Department of Rhetoric & Writing
Department of Rhetoric & Writing

From the Department Chair

Kenneth Burke once wrote that people “build their cultures by huddling together, nervously loquacious, at the edge of an abyss”; and he defined rhetoric as “the use of language as a symbolic means of inducing cooperation in beings that by nature respond to symbols.” These statements are modern renditions of ideas that have reverberated through the history of rhetoric for more than 2500 years. Human beings are “political animals” by nature (Aristotle), and are uniquely endowed with a capacity to form complex, flourishing societies through the agency of persuasive speech and writing (Isocrates). Without the ability rhetorically to reach agreements, induce cooperation, and form institutions — when rhetoric fails — societies descend into Burke’s “abyss,” a chaos of dysfunctionality, random violence, coercion, and oppression.

Another idea that reverberates through the history of rhetoric is that, in complex societies whose functioning and flourishing depend on effective written and spoken (and these days digital and visual) communication, those who are most skilled in rhetoric have a distinct competitive advantage. Rhetoric is how you get your concerns (or your group’s concerns) addressed, or overcome injustice. Rhetoric is how the individual speaks to power. Rhetoric is also how the individual “gets ahead,” or exercises leadership.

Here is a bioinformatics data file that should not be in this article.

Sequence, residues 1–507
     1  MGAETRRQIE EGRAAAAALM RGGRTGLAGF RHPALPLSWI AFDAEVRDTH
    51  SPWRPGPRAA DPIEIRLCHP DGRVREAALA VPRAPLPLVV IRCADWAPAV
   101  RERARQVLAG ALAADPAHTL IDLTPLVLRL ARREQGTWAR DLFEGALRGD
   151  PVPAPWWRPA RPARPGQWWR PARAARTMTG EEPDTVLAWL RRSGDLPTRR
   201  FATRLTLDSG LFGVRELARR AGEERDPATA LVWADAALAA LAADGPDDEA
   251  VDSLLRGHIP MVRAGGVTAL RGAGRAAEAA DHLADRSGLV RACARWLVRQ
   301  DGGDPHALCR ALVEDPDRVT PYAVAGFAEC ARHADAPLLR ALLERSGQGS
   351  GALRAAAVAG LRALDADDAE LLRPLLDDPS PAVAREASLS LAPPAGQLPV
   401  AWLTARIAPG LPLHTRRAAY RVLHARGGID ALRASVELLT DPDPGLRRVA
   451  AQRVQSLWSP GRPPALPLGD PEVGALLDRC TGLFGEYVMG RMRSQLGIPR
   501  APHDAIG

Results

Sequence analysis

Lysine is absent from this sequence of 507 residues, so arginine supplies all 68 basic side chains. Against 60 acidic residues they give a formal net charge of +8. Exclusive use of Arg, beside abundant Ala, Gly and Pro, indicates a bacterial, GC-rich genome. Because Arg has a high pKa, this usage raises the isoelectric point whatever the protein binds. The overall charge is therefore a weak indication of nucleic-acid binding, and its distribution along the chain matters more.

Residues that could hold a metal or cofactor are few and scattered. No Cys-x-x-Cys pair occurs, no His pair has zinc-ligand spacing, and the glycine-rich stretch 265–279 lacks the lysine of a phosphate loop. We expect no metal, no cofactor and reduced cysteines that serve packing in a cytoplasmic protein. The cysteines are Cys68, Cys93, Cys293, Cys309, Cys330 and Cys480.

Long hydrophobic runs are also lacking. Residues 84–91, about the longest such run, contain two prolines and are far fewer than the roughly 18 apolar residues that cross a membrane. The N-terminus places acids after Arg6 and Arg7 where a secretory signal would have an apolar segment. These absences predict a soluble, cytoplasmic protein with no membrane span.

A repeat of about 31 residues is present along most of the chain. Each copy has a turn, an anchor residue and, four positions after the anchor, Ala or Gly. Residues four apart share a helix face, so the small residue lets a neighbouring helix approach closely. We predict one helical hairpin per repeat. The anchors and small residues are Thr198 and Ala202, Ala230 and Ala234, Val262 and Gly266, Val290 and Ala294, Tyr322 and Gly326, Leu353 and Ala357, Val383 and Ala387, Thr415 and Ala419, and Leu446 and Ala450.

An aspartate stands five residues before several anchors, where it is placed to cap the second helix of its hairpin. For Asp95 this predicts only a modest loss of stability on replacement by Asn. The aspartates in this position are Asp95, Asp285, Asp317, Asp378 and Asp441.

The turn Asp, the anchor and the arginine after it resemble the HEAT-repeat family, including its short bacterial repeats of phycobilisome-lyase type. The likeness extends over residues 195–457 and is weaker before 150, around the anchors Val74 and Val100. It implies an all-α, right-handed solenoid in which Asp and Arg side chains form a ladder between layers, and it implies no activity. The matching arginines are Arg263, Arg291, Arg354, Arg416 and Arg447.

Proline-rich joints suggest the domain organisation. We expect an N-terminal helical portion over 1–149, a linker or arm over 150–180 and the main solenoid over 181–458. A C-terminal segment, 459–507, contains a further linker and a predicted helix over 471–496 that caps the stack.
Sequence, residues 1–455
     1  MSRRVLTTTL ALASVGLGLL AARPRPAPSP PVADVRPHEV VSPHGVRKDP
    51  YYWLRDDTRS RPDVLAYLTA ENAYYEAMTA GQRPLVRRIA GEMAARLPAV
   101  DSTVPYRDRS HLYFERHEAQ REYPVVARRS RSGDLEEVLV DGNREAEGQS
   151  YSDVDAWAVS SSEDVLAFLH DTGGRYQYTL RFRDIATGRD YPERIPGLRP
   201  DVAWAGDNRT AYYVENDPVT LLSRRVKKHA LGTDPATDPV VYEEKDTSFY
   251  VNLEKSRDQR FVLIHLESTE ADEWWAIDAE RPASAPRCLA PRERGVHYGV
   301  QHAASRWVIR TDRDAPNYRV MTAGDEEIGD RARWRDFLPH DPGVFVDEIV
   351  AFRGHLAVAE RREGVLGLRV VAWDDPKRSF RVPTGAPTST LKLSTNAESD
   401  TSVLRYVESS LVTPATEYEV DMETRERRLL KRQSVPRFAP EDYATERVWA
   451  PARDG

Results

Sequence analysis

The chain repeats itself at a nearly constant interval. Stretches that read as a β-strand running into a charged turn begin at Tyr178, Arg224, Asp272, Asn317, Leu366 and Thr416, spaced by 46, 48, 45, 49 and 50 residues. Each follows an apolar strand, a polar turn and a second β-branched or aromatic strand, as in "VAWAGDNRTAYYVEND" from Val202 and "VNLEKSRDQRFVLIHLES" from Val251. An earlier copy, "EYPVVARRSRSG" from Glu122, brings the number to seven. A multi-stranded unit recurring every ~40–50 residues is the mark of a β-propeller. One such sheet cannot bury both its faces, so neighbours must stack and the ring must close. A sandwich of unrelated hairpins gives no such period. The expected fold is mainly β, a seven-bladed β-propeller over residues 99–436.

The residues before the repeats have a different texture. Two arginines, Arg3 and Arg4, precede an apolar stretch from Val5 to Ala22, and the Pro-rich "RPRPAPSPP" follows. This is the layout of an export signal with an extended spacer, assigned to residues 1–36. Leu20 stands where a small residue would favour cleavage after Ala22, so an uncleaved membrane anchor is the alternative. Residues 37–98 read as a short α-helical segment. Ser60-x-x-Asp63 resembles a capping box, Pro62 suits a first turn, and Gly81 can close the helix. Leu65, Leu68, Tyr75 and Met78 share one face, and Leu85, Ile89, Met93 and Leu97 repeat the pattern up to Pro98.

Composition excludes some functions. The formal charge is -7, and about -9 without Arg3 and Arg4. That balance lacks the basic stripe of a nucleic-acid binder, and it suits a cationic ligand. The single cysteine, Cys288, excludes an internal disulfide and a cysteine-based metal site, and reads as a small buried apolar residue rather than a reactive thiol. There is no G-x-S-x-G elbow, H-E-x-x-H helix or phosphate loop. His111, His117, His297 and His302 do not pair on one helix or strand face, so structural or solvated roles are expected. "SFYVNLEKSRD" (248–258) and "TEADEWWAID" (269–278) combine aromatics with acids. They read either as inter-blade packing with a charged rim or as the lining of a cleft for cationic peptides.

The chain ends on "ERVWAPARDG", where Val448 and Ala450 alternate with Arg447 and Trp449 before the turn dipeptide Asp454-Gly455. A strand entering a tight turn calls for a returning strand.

The Department of Rhetoric & Writing views rhetoric as both a humanistic discipline and a practical art and skill. Through RHE 306, our lower-division writing courses, and our undergraduate major, we seek to prepare students to communicate effectively in the 21st century, and also to be good critics and judges of the various forms of persuasion and argument that bombard us all every day. Further, we offer one of the nation’s oldest and most distinguished programs of graduate study in Rhetoric, administered through (and in conjunction with) the Department of English.

Our interests are diverse — including rhetorical theory, the history of rhetoric, rhetorical-cultural studies, literacy studies, writing studies, rhetorical pedagogy, digital rhetorics, and visual rhetoric — and our teaching draws upon a continually growing knowledge base and discussion of best practices in the discipline.